Nonprofits  November 3, 2023

Boulder Symphony reaches higher notes with academy

Editor’s note: This article was updated to correct the degree being earned by James Jiang.

BOULDER — Love of music and passion for performance are usually sufficient to sustain a small community orchestra or concert band. 
Musicians who have day jobs or academic pursuits are often willing to accept their volunteer status and enjoy the non-material rewards of putting together music programs for a local stage. 


When the Boulder Symphony’s board of directors and chief administrator decided their needs were greater than that, they looked to their musicians, seeking commitment from them in a new pursuit — a revenue generator — that would help stabilize the orchestra’s footing.
Thus, with a name change, funding approval from the orchestra’s board and an enthusiastic “yes” from musicians, the innovative Boulder Symphony & Music Academy was born.

“It’s a very rare thing,” Boulder Symphony Executive Director Andrew Krimm said. “There are only five or six that I’ve seen.” Even among that small number, none offer the kind of universal outreach that Boulder’s strives for. 

“Some, like the Chicago Symphony, have a training orchestra for pre-professional musicians,” Krimm said. “But having one-on-one lesson opportunities for the entire community is certainly rare.” 
Krimm’s pitch to the symphony’s nine-member board two years ago came at a time when Boulder’s orchestra, like community music programs nationwide, was shaking off the crippling effects of the global COVID pandemic that shut down most live performances. He came with a plan, and a budget, that would require a substantial gamble.

“They miraculously said ‘yes,’ even though it was huge risk,” Krimm said. “It cost around $200,000 for us to launch, with getting rental space and all the rest. The board was willing to take that, and it’s been amazing so far.”

The academy now has 18 instructors, a large majority of them musicians with the orchestra playing strings, woodwinds, brass and percussion and supporting a full menu of one-on-one lessons in each of those disciplines.

Cellist James Jiang, closing in on his doctor of music in cello performance from Indiana University, had been teaching music for 15 years when he enlisted in the academy project during last summer. 

“Practice, improvement and performance are built into everything I do, and that includes teaching,” he said in an interview in a studio at the symphony’s south Boulder offices while awaiting the arrival of his student, 8-year-old Zelda Keppeler.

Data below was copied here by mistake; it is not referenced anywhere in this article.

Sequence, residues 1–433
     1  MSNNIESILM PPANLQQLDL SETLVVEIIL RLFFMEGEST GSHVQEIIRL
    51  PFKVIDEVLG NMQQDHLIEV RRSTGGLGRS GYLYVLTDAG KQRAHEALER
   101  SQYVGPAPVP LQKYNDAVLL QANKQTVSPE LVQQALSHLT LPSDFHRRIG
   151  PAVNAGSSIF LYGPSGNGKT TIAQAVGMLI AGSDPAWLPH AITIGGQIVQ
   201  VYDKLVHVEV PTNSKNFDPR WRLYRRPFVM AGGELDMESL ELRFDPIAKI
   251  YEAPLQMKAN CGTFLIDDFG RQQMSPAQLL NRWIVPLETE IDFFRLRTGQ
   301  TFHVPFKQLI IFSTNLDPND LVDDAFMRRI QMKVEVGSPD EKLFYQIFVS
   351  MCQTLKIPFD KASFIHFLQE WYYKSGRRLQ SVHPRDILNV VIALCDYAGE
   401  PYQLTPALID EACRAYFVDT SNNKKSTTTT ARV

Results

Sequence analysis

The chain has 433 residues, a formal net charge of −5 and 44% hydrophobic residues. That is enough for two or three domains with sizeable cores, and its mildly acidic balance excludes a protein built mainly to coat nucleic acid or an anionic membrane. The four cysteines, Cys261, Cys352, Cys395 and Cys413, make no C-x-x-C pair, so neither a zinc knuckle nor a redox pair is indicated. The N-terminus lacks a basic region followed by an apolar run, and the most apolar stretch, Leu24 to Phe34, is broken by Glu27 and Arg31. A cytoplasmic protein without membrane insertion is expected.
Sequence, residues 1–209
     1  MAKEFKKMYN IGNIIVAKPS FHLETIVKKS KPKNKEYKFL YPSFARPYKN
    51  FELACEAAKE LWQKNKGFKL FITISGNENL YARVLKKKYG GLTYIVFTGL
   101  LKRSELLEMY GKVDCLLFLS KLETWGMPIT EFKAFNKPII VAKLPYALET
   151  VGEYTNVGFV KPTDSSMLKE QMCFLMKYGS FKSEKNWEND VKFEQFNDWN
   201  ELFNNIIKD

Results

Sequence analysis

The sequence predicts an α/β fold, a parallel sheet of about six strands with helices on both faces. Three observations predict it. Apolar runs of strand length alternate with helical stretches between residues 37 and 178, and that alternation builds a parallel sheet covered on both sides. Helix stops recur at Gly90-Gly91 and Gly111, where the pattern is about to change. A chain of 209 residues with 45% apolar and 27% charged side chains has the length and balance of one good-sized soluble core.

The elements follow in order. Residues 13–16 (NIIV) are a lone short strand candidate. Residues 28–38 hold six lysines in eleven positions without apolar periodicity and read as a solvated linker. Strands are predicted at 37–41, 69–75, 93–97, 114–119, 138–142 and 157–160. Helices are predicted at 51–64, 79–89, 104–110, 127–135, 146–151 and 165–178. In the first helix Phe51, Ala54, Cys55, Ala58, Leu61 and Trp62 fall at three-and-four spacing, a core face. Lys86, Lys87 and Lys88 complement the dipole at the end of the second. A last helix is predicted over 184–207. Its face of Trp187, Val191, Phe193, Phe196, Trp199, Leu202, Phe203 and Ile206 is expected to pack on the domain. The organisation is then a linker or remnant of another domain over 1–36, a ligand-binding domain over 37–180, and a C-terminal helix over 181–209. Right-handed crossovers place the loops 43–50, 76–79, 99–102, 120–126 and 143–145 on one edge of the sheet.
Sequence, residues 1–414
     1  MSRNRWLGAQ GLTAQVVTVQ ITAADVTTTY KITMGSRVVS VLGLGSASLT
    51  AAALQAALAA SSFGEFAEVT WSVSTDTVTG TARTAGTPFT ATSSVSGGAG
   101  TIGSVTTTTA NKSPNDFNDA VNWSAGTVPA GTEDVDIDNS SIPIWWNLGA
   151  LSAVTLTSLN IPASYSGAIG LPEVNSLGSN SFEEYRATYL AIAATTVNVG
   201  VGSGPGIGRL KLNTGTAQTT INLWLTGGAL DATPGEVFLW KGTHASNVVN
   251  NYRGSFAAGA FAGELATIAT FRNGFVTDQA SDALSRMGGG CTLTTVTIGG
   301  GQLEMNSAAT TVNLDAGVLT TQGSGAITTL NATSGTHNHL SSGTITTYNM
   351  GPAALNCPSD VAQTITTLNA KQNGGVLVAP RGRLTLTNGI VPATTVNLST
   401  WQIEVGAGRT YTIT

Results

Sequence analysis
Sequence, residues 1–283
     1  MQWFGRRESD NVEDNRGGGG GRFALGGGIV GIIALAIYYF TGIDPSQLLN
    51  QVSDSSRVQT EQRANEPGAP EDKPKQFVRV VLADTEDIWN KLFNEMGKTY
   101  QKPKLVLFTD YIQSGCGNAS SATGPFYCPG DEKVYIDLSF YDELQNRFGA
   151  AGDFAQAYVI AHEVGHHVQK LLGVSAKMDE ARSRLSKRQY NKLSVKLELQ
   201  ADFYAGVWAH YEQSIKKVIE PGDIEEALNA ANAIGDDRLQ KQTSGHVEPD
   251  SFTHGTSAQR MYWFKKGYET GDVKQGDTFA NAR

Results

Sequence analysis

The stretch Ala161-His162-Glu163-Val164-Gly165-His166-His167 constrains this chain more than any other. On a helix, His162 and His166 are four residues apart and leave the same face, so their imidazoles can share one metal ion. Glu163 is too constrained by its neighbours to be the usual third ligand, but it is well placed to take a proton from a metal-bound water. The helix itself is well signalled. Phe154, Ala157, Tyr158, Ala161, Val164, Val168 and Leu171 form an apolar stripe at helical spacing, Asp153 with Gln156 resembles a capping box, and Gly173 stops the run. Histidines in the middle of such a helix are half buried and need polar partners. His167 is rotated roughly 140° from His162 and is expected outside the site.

“I remember well when I started that young,” said Jiang, who was nine when he first picked up a cello and bow. “My teachers were all oriented toward younger people.”

Zelda’s lesson on that October evening was part of a package of weekly half-hour lessons that take place one-on-one with Jiang, a program she began in August at the beginning of the academic year.

Individual instruction is the foundation of the academy’s offerings, said Bridget Ryan, the symphony’s director of education and community outreach. While the symphony had conducted summer music camps to increase exposure to the art for school-age children in Boulder, the academy raises the learning experience to a much higher level and even defines the expanding mission of the symphony organization.

“That’s now at the core of who we are,” Ryan said. “We’re here to serve the entire community.” In just two years of operation, the academy has brought more than 300 students into its studios for private lessons. 

The most popular choice among the academy’s lesson packages is a flexible program of weekly 30-minute individual lessons for a fee of $160 monthly — or $40 for each session. Anyone who wishes to test the water before jumping into a lesson program may do so free of charge by booking a complimentary session. 

Affordability, and universal access, are also the hallmarks of the academy’s operation. The symphony has embarked on a fundraising program to hit the academy’s stated target of being able to provide quality music instruction to children and adults throughout the Boulder community, regardless of income. 

The symphony has partnered with the Boulder County nonprofit Jared Foundation to fund scholarships that will enable music students from throughout the community to tap into the academy’s offerings. Ryan said the foundation’s commitment of a 2-to-1 match for dollars raised by the symphony puts the goal within reach.

“We would love for all of our students to have full-tuition scholarships,” she said.

Krimm said the scholarship goals are especially important to him and other members of the symphony organization who have been beneficiaries of similar programs in their own histories.

“I was the recipient of scholarships from the time I was 7, all the way through college,” Krimm said. 

While meeting the needs of Boulder music students through scholarships, the symphony also has plans to direct income generated by the academy back to the musicians who provide its instruction at an average rate of $30 hourly.

“In an ideal world, I would like to get them closer to $45 or $50,” Krimm said. “If they were running their own business, they would be earning $65 or $70 hourly.”

While “profitability” is an alien concept for nonprofits, Krimm said that financial success of the academy, at the rate income is growing, will allow the symphony to be more flexible — and even take some risks — in its program offerings. 

“One of the things the board members are really excited about is that we can be riskier, take more chances on performing in different venues, or in different kinds of programming, because we have this cash buffer,” Krimm said. “They see that if we do something crazy, we’re not going to sink the ship.”

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